These trends are just a symptom — not the main cause — of the real reason for low recovery rates: ultra cheap money. The reason DIP financing is so plentiful, as is highly leveraged finance before a company hits a wall, is that asset managers have jumped into the lending business to increase their returns in a low interest rate world. And the reason that distressed companies have been able to engage in games like the J-Crew trapdoor is that creditors have stopped imposing tough covenants that might prevent this. 

Indeed, four-fifths of US loans issued last year were “covenant-lite”, that is they had little or no control over borrower behaviour, up from one-fifth at the start of the decade. That is because investors are so desperate to chase returns in a zero-rate world that they no longer dare to impose covenants. 

Indeed, the hunt for returns is so frenzied that junk bond yields have plunged from 12 per cent in March to below 6 per cent. Cheap money, in other words, is enabling some zombie companies to stagger on, even as creditor value shrivels — until they collapse.

That is why it pays to take note of those low CDS recovery rates. The sample size is so small that it is hard to predict how widespread the problem might be. But investors and policymakers should ask tough questions about corporate zombies — and whether it is wise to let them all keep staggering on with the crutch of cheap money.

Investors also need to insist on tough conditions when they provide loans to risky companies. That is doubly so given the IMF warning last week about the threats of sky-high US corporate leverage — and the risks of a new economic downturn as the Covid-19 pandemic flares up again. 



Seek attacker's 10 red flags


Short sellers don't always get it right when they attack businesses for allegedly misleading shareholders. But more often than not they find tell-tale signs of hidden problems.

Just days before Blue Orca Capital's Soren Aandahl launched a short-selling attack against online jobs platform Seek, he shared with Chanticleer 10 of his favourite signs of impending corporate trouble.

Many of these red flags have been used to predict fraudulent activity or deception of investors. It should be noted Aandahl's campaign against Seek is not covered in this column because the company is yet to issue an ASX response.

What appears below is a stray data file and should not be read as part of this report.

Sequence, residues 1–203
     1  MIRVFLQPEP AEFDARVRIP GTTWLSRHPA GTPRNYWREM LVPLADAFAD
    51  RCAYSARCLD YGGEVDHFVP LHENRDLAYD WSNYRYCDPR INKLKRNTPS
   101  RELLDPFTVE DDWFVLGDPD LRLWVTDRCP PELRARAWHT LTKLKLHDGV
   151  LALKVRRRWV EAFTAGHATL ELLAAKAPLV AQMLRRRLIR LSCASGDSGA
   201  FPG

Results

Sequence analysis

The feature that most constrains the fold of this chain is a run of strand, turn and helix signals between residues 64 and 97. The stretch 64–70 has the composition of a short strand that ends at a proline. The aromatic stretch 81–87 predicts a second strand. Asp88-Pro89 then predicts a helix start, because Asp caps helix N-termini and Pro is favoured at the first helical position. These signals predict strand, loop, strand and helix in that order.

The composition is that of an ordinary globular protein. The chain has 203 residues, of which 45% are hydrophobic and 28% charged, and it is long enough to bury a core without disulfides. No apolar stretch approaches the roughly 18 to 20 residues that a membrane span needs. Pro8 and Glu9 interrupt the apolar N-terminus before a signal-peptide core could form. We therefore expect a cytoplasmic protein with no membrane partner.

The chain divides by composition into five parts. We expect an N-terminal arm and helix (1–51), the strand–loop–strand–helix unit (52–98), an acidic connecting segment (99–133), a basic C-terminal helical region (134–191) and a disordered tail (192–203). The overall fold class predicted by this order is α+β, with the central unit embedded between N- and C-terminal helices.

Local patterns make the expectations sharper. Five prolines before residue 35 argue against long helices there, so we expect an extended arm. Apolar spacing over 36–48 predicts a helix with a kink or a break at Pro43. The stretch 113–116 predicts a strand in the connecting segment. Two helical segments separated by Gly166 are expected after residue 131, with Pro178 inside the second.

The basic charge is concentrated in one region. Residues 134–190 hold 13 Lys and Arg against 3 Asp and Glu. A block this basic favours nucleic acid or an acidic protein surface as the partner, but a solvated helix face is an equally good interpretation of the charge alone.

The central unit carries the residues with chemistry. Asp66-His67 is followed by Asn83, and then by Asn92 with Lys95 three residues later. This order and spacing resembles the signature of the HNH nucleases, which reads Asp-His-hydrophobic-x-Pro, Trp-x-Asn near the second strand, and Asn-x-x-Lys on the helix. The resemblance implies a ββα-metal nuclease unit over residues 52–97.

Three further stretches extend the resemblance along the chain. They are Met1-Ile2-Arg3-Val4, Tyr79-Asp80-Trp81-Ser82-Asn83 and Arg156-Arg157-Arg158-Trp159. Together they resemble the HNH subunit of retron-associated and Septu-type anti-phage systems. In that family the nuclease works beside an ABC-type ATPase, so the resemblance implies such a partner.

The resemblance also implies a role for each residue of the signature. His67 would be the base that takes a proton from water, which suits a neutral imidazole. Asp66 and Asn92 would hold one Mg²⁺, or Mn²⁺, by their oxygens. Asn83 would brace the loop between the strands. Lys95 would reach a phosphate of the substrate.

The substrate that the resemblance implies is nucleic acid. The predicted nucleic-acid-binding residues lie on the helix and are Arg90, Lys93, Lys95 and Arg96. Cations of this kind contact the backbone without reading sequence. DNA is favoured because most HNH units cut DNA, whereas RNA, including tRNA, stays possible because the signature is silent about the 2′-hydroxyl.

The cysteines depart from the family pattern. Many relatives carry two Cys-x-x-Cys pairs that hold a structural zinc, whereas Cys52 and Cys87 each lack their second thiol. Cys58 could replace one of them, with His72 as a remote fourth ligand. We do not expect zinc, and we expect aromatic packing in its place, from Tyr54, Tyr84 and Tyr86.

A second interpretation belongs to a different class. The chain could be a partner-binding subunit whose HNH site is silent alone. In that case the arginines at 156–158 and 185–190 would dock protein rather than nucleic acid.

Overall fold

Blue Orca founder Soren Aandahl says he never ceases to be amazed at the ingenuity of accountants. ABC

High profits – poor cash flows: Companies reporting impressive profits, as a general rule, should report equally impressive cash inflows. Watch out if they don’t. Despite growing revenues and reporting 70 per cent-plus profit margins, Rolta India never reported positive free cash flows. It went bankrupt, and its profits proved to be a mirage.

Ballooning receivables: Investors should also watch for rising account receivables, typically measured as DSOs (day sales outstanding). Ballooning receivables indicate that a company is not collecting cash for its sales, which can call into question the authenticity of its revenues and profits. For example, Blue Sky Alternative’s receivables rose to 129 per cent of revenues, an early clue that the asset manager was inflating the value of its unrealised investments.

Inventory turnover: Investors should also pay attention to inventory movement, looking for changes in accounting treatment from year to year or for strange outliers. We first noticed China Metal Recycling, one of the largest and most brazen frauds in Hong Kong history, in part because it claimed to be turning over its scrap metal inventory five to six times faster than its closest competitors.